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Additional tubes in a second reactor are showing wear. We discuss the issue and look at activists calling for the permanent shutdown of San Onofre Nuclear power plant.

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April 16, 2012 1:06 p.m.


Paul Sisson, North County Time reporter.

Ace Hoffman, anti-nuclear activist

Related Story: Activists Call for Permanent Shutdown At San Onofre As More Tubes Showing Wear


This is a rush transcript created by a contractor for KPBS to improve accessibility for the deaf and hard-of-hearing. Please refer to the media file as the formal record of this interview. Opinions expressed by guests during interviews reflect the guest’s individual views and do not necessarily represent those of KPBS staff, members or its sponsors.

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CAVANAUGH: I'm Maureen Cavanaugh, it's Monday, April 16th. Our top story on Midday Edition, we revisit the ongoing repair center at San Onofre. Late last week, the newest wrinkle emerged in the case, Southern California Edison says it's determined that the same type of tube degradation has been detected in unit 2 generators. Before this, it was unclear if the tube problems in unit 2 were the same as in unit 3, which was shut down in late January when a tube ruptured, allowing a tiny amount of radiation to escape. Meanwhile, the pressure from antinuclear groups in California is mounting to keep San Onofre closed perm them. My guests, North County Times reporter Paul Sissin.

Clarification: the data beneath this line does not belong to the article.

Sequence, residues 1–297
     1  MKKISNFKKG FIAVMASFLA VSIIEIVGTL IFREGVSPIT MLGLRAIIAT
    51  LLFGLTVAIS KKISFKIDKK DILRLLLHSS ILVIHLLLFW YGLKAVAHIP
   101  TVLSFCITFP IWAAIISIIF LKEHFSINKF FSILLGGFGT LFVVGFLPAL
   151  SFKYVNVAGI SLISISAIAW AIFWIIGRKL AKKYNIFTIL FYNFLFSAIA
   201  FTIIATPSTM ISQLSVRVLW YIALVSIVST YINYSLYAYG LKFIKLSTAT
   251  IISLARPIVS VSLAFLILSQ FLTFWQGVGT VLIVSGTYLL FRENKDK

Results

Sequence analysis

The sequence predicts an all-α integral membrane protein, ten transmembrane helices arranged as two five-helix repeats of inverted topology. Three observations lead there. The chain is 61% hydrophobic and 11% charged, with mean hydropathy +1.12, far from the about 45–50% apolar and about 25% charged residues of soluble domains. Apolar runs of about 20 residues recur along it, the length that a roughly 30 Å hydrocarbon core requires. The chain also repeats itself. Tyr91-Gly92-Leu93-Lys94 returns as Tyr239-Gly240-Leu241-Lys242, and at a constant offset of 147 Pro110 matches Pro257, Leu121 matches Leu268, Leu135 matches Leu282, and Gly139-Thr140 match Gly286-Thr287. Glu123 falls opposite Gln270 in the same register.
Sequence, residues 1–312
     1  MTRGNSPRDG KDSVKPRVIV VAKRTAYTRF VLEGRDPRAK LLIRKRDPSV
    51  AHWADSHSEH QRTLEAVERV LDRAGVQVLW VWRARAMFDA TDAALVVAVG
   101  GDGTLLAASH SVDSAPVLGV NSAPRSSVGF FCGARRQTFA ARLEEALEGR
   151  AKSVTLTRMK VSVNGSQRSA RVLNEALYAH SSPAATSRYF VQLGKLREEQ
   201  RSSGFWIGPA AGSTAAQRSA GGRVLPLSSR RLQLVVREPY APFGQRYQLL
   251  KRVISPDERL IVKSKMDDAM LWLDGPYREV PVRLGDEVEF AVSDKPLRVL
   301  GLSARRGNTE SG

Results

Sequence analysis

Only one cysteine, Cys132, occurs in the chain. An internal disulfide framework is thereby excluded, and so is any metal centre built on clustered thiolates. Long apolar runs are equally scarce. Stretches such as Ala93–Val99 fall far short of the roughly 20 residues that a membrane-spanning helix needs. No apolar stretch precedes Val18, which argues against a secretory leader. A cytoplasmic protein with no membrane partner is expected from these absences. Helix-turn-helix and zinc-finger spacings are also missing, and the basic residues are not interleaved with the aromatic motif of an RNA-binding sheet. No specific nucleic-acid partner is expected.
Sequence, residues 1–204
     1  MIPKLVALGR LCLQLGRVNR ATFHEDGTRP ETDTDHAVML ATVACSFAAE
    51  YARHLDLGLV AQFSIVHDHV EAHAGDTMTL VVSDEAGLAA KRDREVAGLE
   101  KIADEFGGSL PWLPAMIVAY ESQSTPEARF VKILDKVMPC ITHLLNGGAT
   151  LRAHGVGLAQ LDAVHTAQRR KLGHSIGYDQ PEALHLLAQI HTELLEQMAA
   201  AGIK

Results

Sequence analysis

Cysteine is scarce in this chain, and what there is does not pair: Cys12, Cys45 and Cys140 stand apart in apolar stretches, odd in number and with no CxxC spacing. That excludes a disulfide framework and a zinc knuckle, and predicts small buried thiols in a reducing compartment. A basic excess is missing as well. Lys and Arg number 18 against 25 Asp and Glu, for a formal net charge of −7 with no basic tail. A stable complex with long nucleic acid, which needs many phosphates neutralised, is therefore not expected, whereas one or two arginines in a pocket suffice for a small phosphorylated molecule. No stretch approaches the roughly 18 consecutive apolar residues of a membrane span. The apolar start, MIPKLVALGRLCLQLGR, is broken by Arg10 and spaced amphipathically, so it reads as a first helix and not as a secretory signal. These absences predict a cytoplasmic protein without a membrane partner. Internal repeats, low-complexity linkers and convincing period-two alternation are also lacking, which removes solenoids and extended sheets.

SISSIN: Thank you.

CAVANAUGH: And Ace Hoffman is here. He's a longtime activist who lives in Carlsbad. Welcome to the program.

HOFFMAN: Glad to be here .

CAVANAUGH: And Edison declined the invitation. What does this new revelation that the tubes wear -- the tube wear in both generators is virtually the same?

SISSIN: Well, first off, we should realize that what we learned last Thursday from Edison is that the tube wear is similar but seemed to be more severe in unit 3, and that's the unit that was shut down when they detected the leak on January 31st. Now what they've said is that they are seeing tube to tube wear in both of these units. Unit 2 as you may recall was shut down for refueling when the leak was detected at unit 3. So on March '37, Edison corresponded with the nuclear regulatory commission, and it looked at that time like problems were -- with tube to tube wear were not being seen in unit 2, it seemed to open a path for unit 2 to restart more likely than unit 3. Now it electrics like unit 2 is going to have to wait for the overall cause of this tube to tube plugging to be solved.

CAVANAUGH: Is there any way to extrapolate about what that means since both this tube to tube rubbing has been found in union the No. 2 and 3? In that both of these new steam generators are part of that new equipment that came from Mitsubishi? Is it fair to begin to think about a design flaw?

SISSIN: It's -- I think it's certainly fair. I think many activist groups out there are speculating all night and day about that. There are some similarities between these generators that were installed at San Onofre and other generators that have been recently retrofitted at other plants. That the tubes inside that carry the radioactive reactor coolant is made by the same company in some cases. But there have been some design changes at San Onofre that definitely I would have to believe inspectors are looking closely at, and that have been highlighted recently in an activist report that was put out, I think last week.